Student loan debt recently surpassed the $1.5 trillion dollars in a measure1 released by the St. Louis Federal Reserve on August 8, 2018. This amounts to a 144% increase in student loan debt over the past decade. Pundits debate whether this is a crisis, and several political candidates2 have discussed policies to cancel student loan debts. Crisis or not, juggling student loan payments while trying to begin your career and financial life is the reality for any young professionals. Here are four tips to consider when paying back your student loans:
Prioritize your Student Loans payoff – While this seems obvious, this behavior and mindset will have the single biggest impact on your ability to pay off your loans. If you have six figure loans from law school or medical school, you may have an income that will allow you to make larger payments to your loans that will eliminate this debt quickly. You may have to defer larger purchases like vehicles or homes to allocate more of your income towards these payments. If your current income does not allow you to make extra payments, consider a side gig to earn additional income each month and put that entirely to your student loan. You can read some inspirational stories of people who have paid off their student loans here3 to get motivated.
Understand your repayment plan – If you qualify for Public Student Loan Forgiveness by working in the governmental or non-profit sector, you may be eligible for student loan forgiveness by making 120 qualifying payments. For people who qualify for this program and intend to stay in this field for at least ten years, Public Student Loan Forgiveness programs can be the most cost-effective option. If you don’t qualify for this program, Standard or Graduated repayment allows you to pay off your loans in 10 years and may be the best method of prepayment. Extended payment plans that pay your loan in full over 25 years can give you budget relief as you get started but could force you to delay other life goals as you will carry your payments well into your 40s.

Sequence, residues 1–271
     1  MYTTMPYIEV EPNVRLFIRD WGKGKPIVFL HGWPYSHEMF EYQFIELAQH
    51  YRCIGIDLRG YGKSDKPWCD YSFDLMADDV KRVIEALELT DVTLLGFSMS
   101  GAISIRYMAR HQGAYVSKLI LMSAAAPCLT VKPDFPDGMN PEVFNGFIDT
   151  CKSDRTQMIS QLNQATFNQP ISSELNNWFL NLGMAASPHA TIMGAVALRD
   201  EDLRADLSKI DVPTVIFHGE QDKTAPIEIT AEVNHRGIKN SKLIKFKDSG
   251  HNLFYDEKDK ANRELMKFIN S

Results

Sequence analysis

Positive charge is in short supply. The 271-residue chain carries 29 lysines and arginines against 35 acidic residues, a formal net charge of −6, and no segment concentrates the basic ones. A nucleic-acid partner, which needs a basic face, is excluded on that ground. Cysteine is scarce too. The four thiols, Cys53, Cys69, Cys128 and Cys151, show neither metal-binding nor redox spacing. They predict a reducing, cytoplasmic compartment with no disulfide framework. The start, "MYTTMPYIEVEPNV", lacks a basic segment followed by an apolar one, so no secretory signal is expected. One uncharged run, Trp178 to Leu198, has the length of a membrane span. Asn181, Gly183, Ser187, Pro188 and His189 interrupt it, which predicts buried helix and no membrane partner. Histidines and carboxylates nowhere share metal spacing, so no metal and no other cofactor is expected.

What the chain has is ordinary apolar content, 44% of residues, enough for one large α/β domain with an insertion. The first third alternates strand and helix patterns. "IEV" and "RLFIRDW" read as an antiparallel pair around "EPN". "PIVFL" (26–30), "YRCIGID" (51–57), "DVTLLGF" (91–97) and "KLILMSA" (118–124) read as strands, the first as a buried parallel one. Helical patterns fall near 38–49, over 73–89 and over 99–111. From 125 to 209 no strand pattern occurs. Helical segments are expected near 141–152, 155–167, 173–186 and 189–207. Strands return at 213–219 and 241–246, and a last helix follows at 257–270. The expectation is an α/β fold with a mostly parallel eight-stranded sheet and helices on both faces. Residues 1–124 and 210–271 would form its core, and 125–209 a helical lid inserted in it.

All income driven repayment plans allow you to reset your payment each year between 10% – 15% of your discretionary income. If you make 20 years (25 for graduate loans) of qualifying and on-time payments under this plan, your loans will be forgiven. Be aware, you may owe tax on any amount that is forgiven when that occurs. While this plan seems attractive to those starting out, you may find yourself in a situation in which your payment isn’t covering the monthly interest, so your loans are growing in total value rather than decreasing.
Make extra payments to principal – You may have several different loans, with different balances, and interest rates due to the new loan distribution each time you began a new year or semester at school. If you are making extra payments you will want to call your loan servicer and make your extra payment to your loan with the highest interest rate and make sure that your extra payment is going towards principal. Most servicers allow you to do this online, but you may want to call and verify payments that are being applied correctly.
Avoid forbearance or deferment if possible – In forbearance or deferment, you can halt repayment of your loans and if you qualify for deferment, your Stafford loan’s interest will be paid by the federal government. All other non-Stafford loans in deferment or forbearance will accrue interest that will be capitalized or added to your total loan balance. If possible, you should try to make at least the interest payments to avoid this. This can be particularly true for graduate degrees during internships or residencies as the loan balance can be large and interest can accrue quickly.
There are other strategies to help you pay off your student loans, but I highlight these four as I encountered each of them personally in my quest to pay off my undergraduate and graduate loans and hope others can learn from my experience.